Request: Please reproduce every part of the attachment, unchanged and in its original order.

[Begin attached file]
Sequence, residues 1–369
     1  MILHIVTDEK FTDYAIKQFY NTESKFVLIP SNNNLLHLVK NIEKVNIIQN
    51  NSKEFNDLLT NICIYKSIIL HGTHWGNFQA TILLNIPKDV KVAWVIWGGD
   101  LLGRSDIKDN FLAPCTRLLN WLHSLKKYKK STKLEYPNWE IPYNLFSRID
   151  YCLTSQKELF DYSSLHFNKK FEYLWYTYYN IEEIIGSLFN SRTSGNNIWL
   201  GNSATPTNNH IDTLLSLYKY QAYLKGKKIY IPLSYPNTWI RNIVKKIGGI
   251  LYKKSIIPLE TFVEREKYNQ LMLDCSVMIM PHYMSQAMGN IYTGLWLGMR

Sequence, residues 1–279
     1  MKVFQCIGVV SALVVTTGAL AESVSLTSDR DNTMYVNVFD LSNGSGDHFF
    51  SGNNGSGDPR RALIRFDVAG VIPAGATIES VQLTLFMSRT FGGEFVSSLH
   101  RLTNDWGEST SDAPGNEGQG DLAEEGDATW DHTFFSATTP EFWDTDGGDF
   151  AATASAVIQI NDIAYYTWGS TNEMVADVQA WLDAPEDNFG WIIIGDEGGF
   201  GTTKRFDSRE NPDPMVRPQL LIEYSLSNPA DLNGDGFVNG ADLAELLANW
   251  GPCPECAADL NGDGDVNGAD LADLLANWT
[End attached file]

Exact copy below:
Sequence, residues 1–369
     1  MILHIVTDEK FTDYAIKQFY NTESKFVLIP SNNNLLHLVK NIEKVNIIQN
    51  NSKEFNDLLT NICIYKSIIL HGTHWGNFQA TILLNIPKDV KVAWVIWGGD
   101  LLGRSDIKDN FLAPCTRLLN WLHSLKKYKK STKLEYPNWE IPYNLFSRID
   151  YCLTSQKELF DYSSLHFNKK FEYLWYTYYN IEEIIGSLFN SRTSGNNIWL
   201  GNSATPTNNH IDTLLSLYKY QAYLKGKKIY IPLSYPNTWI RNIVKKIGGI
   251  LYKKSIIPLE TFVEREKYNQ LMLDCSVMIM PHYMSQAMGN IYTGLWLGMR

Sequence, residues 1–279
     1  MKVFQCIGVV SALVVTTGAL AESVSLTSDR DNTMYVNVFD LSNGSGDHFF
    51  SGNNGSGDPR RALIRFDVAG VIPAGATIES VQLTLFMSRT FGGEFVSSLH
   101  RLTNDWGEST SDAPGNEGQG DLAEEGDATW DHTFFSATTP EFWDTDGGDF
   151  AATASAVIQI NDIAYYTWGS TNEMVADVQA WLDAPEDNFG WIIIGDEGGF
   201  GTTKRFDSRE NPDPMVRPQL LIEYSLSNPA DLNGDGFVNG ADLAELLANW
   251  GPCPECAADL NGDGDVNGAD LADLLANWT